My hypothesis is that a carrot-stick combination drives our beliefs. On one hand we have a strong tendency to believe that which we find attractive. This includes those things that are familiar or that are respected by our peers or by those we admire.  These ideals are like carrots that attract us until we make them our own. Reality, on the other hand, is a stick that can hit us on the head when our beliefs diverge too much from it. So, while we might find it attractive to believe that we can walk on water, it does not take too long for reality to dissuade us from that belief. Our beliefs are pulled by carrots and hemmed in by sticks.  Ideally carrots would always pull us in directions compatible with reality, but clearly this is not the case as many ideals are opposed to reality. People can progress a long way following carrots that are contrary to reality, but if they are seeking truth they are liable to be corrected by a stick at some point.


Now our world is filled with carrots. Every family, every community, every society, every civilization has its own ideals, all coexisting and to some extent competing with each other. So perhaps it is not surprising that there is such a divergence of beliefs; we humans are capable of finding many different things attractive.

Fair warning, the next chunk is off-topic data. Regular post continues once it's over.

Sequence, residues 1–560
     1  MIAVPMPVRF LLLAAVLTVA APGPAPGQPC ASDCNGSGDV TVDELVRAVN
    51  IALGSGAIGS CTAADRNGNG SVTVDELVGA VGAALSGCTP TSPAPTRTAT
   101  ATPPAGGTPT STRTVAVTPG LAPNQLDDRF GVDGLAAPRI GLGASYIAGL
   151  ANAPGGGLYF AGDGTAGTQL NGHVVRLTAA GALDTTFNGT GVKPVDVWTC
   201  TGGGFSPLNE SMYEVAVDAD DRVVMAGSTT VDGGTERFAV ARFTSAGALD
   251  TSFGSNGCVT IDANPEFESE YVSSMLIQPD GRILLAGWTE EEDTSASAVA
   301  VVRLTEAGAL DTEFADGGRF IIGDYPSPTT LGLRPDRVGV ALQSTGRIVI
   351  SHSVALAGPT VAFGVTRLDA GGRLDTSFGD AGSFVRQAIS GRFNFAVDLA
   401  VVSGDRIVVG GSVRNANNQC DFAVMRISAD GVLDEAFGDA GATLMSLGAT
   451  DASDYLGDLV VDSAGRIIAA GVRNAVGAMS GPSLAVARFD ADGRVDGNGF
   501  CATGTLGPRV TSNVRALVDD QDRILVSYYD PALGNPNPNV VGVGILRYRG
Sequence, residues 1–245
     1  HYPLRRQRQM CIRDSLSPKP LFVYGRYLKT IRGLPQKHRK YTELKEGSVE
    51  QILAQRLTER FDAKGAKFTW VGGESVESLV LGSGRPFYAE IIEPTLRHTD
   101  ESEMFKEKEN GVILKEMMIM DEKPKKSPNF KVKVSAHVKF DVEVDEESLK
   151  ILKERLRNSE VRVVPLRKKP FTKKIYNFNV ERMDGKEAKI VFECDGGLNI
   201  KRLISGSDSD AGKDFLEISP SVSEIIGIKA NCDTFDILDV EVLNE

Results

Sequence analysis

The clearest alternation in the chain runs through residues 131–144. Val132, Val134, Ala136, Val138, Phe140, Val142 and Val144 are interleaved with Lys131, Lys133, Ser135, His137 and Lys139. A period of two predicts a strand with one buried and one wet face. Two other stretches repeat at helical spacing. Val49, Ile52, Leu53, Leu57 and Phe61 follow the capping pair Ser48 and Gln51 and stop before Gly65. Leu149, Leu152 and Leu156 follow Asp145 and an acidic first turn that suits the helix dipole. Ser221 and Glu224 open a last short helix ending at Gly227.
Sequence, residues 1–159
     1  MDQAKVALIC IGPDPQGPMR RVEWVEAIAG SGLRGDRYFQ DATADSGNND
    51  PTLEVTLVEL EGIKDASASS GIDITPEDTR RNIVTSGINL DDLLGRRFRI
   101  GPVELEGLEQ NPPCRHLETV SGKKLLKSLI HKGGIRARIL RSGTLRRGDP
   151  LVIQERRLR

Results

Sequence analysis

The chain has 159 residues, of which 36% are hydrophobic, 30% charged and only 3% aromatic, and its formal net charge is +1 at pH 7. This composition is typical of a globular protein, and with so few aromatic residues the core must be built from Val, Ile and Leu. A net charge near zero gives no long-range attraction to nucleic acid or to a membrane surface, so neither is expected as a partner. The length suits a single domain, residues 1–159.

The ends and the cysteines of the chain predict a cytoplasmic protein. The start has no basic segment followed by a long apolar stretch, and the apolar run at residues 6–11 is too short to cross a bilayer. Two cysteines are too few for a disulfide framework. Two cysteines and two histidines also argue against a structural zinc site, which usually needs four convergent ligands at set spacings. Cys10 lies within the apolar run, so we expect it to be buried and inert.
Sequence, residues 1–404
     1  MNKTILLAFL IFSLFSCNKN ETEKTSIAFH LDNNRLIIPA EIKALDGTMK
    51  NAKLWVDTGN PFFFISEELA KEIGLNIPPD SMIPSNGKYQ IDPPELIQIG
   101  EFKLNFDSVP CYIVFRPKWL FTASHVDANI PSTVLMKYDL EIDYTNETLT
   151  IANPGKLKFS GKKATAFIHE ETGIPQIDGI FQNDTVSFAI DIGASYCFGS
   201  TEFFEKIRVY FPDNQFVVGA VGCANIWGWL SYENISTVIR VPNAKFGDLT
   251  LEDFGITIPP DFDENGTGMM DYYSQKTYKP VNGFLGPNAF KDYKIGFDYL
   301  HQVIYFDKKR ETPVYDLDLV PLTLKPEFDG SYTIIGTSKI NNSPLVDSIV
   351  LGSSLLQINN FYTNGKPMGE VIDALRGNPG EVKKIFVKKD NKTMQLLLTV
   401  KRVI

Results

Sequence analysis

Beliefs that grow and propagate widely have a number of properties. They are, or can be, attractive to a large number of people. They spread from person to person. The more they grow the more attractive they become. And finally, but quite importantly, they are not easily opposed or smacked down by reality. Belief in God is a prime example. We instinctively crave order and safety in the universe, and what can give greater order and safety than an all-knowing creator? The fact that others believe in God and find fulfillment in their belief is itself attractive, enabling this belief to propagate. Parental belief in God is easily absorbed by children. And since God is postulated to be invisible, he is (mostly) safe from the stick of reality. So we should not be surprised that theism has conquered much of this world. But every community has its own concerns and ideals that it finds attractive, and hence there are likely as many beliefs in what God is like as there are believing communities.